When Brandon died in a car crash with his two friends, Vanvilay Khounborinh and William Christopher Jones, news media coverage of their accident criminalized them and the racial masculinities that they each embodied. They became part of the preexisting news narrative that had devalued their lives when they were alive. As Isabel Molina Guzmán reminds us, "News media draw upon routine professional practices and socially available and widely circulated narratives to tell their stories ... stories that perform beyond the function of information" (Molina Guzmán 2005, 182). To apprehend how such widely circulated narratives about criminalized men of color function beyond disseminating information, it is productive to also examine the inundation of stories about white men and women in positions of power. Ruby C. Tapia argues that such news stories are never inconsequential because the media does not just honor the memory of public figures; it also passes on social values, "immortaliz[ing] ideologies of patriarchal capitalism and white supremacy." Tapia encourages us to read the erasure of "non-spectacularized lives" in relation to or against "hypervisible whiteness, along with its haunting figures and social consequences" (2001, 263). These representations aid in constructing the "norms of gender, sexuality, and domestic space" that Nayan Shah contends are necessary to prove one's "worthiness" of political rights and social resources, which means these stories too form and inform the representational and narrative violences that make discipline and punishment of the racialized unreformed seem natural and necessary (2001, 254).
For these reasons, the erasure of Brandon's, Vanvilay's, and William Christopher's nonspectacular lives and devalued deaths in print media might best be understood through a comparison with the haunting figures and social consequences of white masculinity. By juxtaposing the San Diego Union-Tribune's representations of Brandon's accident alongside the fatal accident of the San Diego Padres' fourth outfielder Michael Darr, we learn that the "facts" of people's behaviors have little significance for determining whose deaths are tragic and whose deaths are deserved. The detailed descriptions of these drunk-driving accidents provide us the shortcut ideological codes used in deciding which human lives are valuable and which are worth-less. In effect, the articles written about Michael Darr evoke public sympathy by representing his embodiment of straight white masculinity as socially valuable and by depicting his friends' and family's grief as a universal experience, while the article about Brandon, Vanvilay, and William Christopher activated racial anxieties over criminalized youth and young men of color.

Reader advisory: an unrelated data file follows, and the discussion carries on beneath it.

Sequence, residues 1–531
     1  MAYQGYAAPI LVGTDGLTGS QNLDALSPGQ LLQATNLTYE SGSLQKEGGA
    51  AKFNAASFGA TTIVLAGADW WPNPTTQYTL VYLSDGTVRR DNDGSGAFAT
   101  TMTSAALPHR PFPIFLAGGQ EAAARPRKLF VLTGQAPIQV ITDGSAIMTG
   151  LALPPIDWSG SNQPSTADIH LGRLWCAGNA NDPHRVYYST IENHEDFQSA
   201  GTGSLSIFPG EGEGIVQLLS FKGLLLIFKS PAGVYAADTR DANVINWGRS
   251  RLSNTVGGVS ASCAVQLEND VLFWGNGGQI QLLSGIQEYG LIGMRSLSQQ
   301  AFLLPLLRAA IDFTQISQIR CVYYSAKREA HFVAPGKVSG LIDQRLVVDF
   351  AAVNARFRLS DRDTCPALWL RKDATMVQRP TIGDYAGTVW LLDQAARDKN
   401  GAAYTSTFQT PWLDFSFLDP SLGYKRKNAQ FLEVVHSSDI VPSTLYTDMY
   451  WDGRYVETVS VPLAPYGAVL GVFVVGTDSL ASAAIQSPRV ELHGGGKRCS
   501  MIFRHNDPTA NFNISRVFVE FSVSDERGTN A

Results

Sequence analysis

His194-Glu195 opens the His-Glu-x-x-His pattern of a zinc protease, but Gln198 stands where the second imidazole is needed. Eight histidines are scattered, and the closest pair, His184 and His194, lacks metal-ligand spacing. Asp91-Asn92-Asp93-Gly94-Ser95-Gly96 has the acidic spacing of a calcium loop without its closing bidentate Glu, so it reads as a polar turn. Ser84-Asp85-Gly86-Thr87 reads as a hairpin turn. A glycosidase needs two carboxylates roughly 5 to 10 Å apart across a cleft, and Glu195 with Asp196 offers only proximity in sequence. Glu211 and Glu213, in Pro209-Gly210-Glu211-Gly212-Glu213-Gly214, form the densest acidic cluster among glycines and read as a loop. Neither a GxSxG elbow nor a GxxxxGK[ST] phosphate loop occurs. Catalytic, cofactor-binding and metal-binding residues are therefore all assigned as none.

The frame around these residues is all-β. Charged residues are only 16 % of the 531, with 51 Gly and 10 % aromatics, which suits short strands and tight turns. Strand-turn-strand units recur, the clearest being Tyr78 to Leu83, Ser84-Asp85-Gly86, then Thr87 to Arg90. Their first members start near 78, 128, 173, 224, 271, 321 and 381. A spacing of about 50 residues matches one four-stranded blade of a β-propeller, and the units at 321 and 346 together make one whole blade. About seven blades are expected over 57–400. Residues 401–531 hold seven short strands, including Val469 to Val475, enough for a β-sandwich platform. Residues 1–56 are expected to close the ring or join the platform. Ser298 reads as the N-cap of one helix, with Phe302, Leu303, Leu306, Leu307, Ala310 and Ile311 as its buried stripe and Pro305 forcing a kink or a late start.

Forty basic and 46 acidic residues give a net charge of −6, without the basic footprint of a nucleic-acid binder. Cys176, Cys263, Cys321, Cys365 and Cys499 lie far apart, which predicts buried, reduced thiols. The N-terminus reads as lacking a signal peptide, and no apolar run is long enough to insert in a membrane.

On March 25, 2000, the San Diego Union-Tribune printed an article about Brandon's car accident titled "Three Men Killed When Speeding Car Hits Trees; a Fourth Walks Away" and subtitled "Drinking Suspected; Auto Was Traveling Without Headlights." Joe Hughes, a journalist who often reports on local crimes and drunk-driving accidents for the San Diego Union-Tribune, described Vanvilay's driving as reckless and irresponsible joy riding, claiming that witnesses corroborated police officers' suspicions that the car was "speeding and may have been racing other cars" (J. Hughes 2000, B1). Vanvilay was driving Brandon's 1984 Mustang, which was not a racing car and in fact was not even a car that ran very well, but in San Diego, "racing" alludes to a racialized car culture, predominately practiced by young Asian men in high school. Along these lines, it seemed not to matter to police, witnesses, or Hughes whether or not the examiner's report would reveal alcohol in Vanvilay's blood; even if he was not legally intoxicated, he was represented as definitely recklessly driving (if not, then as if) drunk. The accident was framed as inevitable and deserved through construing their illegal behaviors (underage drinking and driving) as a daily pattern, connoting both immorality and criminality: "In addition [to detectives learning that the four had been drinking that evening], alcoholic containers and mixing beverages were found in the car's mangled remains" (J. Hughes 2000, B1).
In contrast, even after the examiner's report was completed on Michael Darr and police had confirmed that his blood alcohol level was ".03 above the legal limit [of .08]," the Highway Patrol officer on duty still doubted that Darr's accident would be considered a result of drunk driving: "Did alcohol play a role? ... It may have. We described the cause as inattention. He was driving in the flow of traffic. He was not speeding. He was not weaving." Although Darr was intoxicated and not wearing a seat belt, he was still portrayed as a good driver on the night of his fatal accident ("not speeding" and "not weaving"). The Padres' second baseman Damian Jackson was also quoted to distance the drunk driver from drunk driving: